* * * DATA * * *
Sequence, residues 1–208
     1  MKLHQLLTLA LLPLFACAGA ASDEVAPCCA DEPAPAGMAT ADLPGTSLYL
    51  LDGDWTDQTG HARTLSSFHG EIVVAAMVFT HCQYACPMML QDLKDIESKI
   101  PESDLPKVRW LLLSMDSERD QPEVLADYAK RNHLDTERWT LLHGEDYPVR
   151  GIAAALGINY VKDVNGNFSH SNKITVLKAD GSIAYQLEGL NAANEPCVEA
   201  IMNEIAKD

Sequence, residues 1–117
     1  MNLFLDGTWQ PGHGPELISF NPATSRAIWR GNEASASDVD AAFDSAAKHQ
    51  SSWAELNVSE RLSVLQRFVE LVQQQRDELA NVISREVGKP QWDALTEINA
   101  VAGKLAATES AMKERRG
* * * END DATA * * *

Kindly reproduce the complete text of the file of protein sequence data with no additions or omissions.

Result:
Sequence, residues 1–208
     1  MKLHQLLTLA LLPLFACAGA ASDEVAPCCA DEPAPAGMAT ADLPGTSLYL
    51  LDGDWTDQTG HARTLSSFHG EIVVAAMVFT HCQYACPMML QDLKDIESKI
   101  PESDLPKVRW LLLSMDSERD QPEVLADYAK RNHLDTERWT LLHGEDYPVR
   151  GIAAALGINY VKDVNGNFSH SNKITVLKAD GSIAYQLEGL NAANEPCVEA
   201  IMNEIAKD

Sequence, residues 1–117
     1  MNLFLDGTWQ PGHGPELISF NPATSRAIWR GNEASASDVD AAFDSAAKHQ
    51  SSWAELNVSE RLSVLQRFVE LVQQQRDELA NVISREVGKP QWDALTEINA
   101  VAGKLAATES AMKERRG